a 70,000-word manuscript that I have been researching and writing for eight months. This is a relief and it is strangely unsettling, too. It will be awesome to round into Thanksgiving with this burden off my shoulders. Yet there is an unaccountable impulse in me to keep the burden on my shoulders as long as possible.
All this week, I have been dithering, wasting time, procrastinating, holding back from the finish line. I want to finish. I do not want to finish.
I am facing The End.
I have noticed a similar impulse in my clients. Much of my professional work—though not my current project—involves helping people write and privately publish their memoirs. Naturally, most of my clients are quite elderly. Their average age is low-80s. I have concluded that until today’s typical American reaches 80, he or she expects to live forever. At 80, reality sinks in: Maybe I should start pulling things together. “Just in case something happens to me,” as my dear dad used to put it.
Finishing one’s memoir is as if to say, It is finished. I have reached the end. And who wants to say that? I had a client who took nine years to complete his book. Things. Just. Kept. Happening.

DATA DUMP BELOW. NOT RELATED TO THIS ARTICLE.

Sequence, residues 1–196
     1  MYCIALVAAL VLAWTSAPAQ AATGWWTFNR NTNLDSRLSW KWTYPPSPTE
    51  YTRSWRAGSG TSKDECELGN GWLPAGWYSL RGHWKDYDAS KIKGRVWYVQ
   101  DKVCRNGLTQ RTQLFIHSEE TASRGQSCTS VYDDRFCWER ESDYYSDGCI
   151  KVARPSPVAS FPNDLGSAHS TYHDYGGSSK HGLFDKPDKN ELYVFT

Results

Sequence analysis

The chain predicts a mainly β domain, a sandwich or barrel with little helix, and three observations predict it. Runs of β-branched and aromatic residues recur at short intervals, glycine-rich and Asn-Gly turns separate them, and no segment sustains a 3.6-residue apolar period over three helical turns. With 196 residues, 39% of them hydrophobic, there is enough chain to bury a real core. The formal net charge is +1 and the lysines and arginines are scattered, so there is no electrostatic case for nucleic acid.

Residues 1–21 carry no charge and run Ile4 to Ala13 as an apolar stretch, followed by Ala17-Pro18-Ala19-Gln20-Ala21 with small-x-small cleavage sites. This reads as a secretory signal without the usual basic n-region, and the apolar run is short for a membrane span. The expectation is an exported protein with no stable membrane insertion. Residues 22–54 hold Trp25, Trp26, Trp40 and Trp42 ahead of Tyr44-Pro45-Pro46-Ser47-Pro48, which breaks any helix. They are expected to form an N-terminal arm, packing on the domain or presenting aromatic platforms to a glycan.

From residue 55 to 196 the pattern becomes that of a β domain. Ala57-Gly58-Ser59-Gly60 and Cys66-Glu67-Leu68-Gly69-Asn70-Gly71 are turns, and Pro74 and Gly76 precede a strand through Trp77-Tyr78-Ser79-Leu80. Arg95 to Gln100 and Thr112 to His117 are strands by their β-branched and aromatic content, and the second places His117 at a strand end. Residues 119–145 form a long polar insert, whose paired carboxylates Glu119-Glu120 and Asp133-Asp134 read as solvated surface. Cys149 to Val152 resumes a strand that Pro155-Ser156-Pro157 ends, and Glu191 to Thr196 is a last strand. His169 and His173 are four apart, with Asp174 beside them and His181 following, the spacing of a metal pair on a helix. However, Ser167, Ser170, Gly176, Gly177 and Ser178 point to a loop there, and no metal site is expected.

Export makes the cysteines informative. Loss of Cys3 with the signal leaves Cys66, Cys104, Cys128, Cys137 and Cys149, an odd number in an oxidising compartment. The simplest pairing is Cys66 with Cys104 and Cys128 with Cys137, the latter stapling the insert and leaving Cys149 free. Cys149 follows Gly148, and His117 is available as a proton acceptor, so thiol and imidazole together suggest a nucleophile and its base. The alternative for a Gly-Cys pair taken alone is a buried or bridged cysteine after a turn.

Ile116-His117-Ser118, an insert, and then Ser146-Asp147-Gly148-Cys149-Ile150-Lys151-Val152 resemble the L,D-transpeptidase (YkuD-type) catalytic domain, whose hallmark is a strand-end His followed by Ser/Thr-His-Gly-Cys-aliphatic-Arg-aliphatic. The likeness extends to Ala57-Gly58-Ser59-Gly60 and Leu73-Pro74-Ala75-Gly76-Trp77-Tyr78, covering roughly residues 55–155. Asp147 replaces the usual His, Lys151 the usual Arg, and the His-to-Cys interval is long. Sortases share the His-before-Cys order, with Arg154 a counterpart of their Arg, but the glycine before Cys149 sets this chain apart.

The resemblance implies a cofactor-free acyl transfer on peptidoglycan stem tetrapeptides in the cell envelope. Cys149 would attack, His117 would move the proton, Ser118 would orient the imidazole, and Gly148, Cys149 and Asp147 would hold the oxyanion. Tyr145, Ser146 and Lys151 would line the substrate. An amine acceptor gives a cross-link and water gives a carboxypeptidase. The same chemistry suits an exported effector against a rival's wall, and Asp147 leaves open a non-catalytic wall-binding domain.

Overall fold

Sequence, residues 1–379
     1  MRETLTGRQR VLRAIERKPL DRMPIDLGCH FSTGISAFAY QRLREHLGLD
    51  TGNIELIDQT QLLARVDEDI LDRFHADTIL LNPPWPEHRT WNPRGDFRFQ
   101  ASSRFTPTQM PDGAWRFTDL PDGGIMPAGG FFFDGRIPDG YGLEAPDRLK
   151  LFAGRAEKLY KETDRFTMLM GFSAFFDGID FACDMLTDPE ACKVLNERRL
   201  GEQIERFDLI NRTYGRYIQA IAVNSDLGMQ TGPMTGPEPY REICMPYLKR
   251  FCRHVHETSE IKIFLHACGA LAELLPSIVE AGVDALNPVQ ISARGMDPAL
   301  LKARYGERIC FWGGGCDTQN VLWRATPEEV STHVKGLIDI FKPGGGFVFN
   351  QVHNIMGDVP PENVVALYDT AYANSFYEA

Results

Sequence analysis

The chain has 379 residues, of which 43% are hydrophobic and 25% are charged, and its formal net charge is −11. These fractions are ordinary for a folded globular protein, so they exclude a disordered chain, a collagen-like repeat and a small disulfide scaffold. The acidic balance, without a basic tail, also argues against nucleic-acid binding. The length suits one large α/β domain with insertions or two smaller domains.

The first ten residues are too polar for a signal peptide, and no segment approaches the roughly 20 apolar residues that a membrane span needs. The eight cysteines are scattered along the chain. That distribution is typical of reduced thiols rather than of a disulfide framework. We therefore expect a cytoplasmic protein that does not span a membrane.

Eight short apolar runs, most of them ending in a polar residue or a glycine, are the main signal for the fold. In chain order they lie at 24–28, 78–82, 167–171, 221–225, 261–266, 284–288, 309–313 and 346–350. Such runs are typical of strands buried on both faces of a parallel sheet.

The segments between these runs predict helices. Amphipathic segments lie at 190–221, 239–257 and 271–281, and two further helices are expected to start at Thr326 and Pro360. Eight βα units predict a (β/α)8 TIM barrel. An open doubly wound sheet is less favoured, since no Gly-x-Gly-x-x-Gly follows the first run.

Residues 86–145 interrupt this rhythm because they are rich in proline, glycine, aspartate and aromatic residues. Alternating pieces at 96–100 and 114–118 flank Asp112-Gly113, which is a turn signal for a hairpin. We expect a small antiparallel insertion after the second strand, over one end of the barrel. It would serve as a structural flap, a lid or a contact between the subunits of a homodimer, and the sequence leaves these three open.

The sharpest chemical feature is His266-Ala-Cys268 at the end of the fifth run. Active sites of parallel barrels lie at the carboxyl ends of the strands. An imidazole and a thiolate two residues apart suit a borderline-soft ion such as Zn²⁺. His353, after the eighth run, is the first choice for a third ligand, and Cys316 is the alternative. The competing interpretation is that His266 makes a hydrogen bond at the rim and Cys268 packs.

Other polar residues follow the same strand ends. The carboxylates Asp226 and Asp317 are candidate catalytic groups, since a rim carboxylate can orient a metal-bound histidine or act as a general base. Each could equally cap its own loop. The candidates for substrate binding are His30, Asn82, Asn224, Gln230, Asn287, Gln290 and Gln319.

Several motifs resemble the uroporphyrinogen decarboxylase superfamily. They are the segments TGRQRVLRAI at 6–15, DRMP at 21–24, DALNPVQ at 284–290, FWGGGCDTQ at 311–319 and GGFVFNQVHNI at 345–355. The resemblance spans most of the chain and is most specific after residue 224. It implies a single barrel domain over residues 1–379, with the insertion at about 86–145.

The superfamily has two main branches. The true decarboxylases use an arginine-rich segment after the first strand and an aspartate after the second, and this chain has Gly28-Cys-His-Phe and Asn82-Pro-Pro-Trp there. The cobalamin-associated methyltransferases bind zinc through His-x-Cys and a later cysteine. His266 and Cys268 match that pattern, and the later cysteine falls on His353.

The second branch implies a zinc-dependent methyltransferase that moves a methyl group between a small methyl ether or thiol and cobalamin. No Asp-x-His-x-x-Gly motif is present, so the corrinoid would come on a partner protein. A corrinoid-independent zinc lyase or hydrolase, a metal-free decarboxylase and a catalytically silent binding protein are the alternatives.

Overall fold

The end of a football game is another thing. Everyone loves the end of a football game. (And basketball? Who likes anything but the end of a basketball game?)
Did you see last night’s game? Thursday Night Football is always too late for this Catholic blogger guy, whose motto is “Supine by nine.” But here was a great morality play for me to contemplate: St. Tim Tebow of the Denver Broncos (above) slaying the hated J-E-T-S, Jets! Jets! Jets!
I stayed up past eleven (“In heaven by eleven”). And the controversial born-again Christian quarterback delivered! Wow! What a game!
St. Tim didn’t do squat for three and a half quarters, but with life on the line (or maybe just the game) he led the Broncos on a 95-yard drive for Denver’s only offensive touchdown and a 17–13 win.
If professional football is a metaphor for life, here is where the analogy breaks down. We love the ends of football games. We dread the end of life.
In these weeks leading up to Advent, the Church proposes
that we think of the Four Last Things: death, judgment, hell, and
heaven. But doing so is not easy.
The illustration at the top of this post is “Four Last Things” by Hieronymus Bosch. Enlarge it and contemplate it. Perhaps it will help.
I am sure it will help more than a football game, since the beauty of the endless NFL schedule is, There’s always another one. Until the Great Letdown following the Super Bowl.